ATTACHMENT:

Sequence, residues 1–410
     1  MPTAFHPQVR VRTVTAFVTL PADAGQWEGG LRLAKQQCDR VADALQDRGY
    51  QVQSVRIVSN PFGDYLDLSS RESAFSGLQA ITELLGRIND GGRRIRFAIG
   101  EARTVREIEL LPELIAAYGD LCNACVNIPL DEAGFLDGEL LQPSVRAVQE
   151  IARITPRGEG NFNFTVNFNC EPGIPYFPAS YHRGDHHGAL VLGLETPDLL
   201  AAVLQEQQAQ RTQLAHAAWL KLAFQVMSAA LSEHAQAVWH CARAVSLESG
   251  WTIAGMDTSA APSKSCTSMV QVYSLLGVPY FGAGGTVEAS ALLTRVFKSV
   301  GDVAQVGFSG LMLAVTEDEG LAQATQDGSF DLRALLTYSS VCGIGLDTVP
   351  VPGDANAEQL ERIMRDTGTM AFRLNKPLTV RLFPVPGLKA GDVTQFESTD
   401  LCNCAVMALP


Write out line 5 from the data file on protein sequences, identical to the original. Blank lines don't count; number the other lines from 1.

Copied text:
   151  IARITPRGEG NFNFTVNFNC EPGIPYFPAS YHRGDHHGAL VLGLETPDLL